Once tubing segments have been joined, frangible member 230 a is broken to provide an open flow path from the collection container 201 to the container 206 (FIG. 15). Photochemical agent from container 202 is also allowed to flow into container 206. After fluid transfer to container 206, tubing segment may be severed and sealed and the portion of the disposable processing set that included container 202 and the collection container(s) 201 are discarded. Indicator 234 a provides a reference point as to where the tubing is to be severed. It is preferable that the indicator be placed as close as possible to the container 206 so that most of the biological fluid is retained within container 206 where it is most likely to be mixed and treated.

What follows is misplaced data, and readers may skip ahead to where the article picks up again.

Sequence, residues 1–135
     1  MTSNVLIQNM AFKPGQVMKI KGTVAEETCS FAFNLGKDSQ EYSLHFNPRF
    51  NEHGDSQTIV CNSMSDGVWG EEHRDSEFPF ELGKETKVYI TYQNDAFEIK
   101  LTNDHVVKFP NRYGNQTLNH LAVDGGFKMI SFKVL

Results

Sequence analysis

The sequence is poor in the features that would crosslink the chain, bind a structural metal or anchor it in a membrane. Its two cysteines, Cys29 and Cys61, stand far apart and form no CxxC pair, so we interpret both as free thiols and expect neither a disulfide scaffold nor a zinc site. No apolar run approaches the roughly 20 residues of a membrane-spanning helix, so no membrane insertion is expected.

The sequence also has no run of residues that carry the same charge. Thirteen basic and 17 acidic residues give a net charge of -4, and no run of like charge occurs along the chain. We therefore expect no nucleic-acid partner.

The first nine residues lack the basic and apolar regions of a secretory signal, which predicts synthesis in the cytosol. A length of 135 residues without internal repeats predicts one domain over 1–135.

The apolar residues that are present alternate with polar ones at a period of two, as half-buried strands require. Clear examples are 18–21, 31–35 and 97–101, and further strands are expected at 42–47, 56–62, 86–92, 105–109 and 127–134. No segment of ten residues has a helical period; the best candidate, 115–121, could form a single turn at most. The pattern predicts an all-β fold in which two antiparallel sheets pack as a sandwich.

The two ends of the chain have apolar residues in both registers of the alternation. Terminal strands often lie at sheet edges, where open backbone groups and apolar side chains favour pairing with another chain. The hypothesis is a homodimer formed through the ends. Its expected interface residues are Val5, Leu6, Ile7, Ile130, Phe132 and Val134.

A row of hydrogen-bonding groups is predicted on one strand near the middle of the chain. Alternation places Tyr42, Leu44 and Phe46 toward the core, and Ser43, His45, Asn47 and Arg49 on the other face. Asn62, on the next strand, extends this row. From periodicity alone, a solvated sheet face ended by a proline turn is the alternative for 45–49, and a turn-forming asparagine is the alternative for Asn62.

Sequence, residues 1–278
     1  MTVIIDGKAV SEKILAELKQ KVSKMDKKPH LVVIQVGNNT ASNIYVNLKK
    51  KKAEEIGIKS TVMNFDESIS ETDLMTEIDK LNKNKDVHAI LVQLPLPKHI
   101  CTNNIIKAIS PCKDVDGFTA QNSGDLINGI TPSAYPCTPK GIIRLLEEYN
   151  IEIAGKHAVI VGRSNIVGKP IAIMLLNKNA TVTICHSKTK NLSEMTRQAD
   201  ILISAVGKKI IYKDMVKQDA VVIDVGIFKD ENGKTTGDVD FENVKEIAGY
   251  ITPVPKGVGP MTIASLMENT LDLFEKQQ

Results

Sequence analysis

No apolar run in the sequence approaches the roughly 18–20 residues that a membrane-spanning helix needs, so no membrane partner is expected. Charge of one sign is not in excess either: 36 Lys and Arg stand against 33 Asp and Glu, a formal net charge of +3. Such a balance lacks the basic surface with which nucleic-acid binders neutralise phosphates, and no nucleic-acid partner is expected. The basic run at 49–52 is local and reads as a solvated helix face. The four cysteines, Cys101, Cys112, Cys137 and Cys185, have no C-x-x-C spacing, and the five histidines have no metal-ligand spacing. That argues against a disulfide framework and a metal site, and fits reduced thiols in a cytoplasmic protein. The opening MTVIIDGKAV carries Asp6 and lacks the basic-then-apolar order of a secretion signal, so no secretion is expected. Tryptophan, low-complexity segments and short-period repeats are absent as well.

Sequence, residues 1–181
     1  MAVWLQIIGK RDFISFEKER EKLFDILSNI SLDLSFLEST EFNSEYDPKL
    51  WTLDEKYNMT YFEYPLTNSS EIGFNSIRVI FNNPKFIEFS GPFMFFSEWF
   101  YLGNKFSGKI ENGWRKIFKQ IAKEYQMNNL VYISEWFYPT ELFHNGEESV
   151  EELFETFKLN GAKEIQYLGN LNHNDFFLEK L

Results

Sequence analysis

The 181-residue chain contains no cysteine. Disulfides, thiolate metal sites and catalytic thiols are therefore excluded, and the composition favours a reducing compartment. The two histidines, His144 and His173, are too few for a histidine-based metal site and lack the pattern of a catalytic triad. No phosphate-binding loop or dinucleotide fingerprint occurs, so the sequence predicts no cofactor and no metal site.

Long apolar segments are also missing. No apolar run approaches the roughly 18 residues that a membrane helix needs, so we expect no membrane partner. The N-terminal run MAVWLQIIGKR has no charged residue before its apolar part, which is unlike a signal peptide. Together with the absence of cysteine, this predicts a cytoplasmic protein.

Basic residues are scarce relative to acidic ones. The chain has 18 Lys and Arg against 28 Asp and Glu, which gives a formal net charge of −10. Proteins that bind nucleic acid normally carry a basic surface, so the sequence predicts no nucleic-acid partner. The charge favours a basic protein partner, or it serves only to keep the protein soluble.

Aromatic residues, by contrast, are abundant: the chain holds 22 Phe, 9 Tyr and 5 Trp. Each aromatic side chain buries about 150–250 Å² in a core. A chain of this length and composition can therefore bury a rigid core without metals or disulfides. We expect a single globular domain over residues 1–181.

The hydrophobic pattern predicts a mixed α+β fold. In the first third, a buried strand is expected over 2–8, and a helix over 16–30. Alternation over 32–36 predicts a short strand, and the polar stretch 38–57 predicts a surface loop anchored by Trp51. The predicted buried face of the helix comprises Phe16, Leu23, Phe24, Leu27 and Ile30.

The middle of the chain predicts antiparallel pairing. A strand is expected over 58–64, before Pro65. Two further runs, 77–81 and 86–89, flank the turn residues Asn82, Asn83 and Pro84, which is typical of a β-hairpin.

Before or after placement of the disposable processing set in tray 90, operator may scan the label and other container indicia with bar code reader 41. Bar codes 222 on the main container label 216 or the container itself provide the instrument with information regarding the biological fluid to be treated. Based on the data, the light treating instrument or operator prescribes the light dosage and then calculates the duration of the treatment.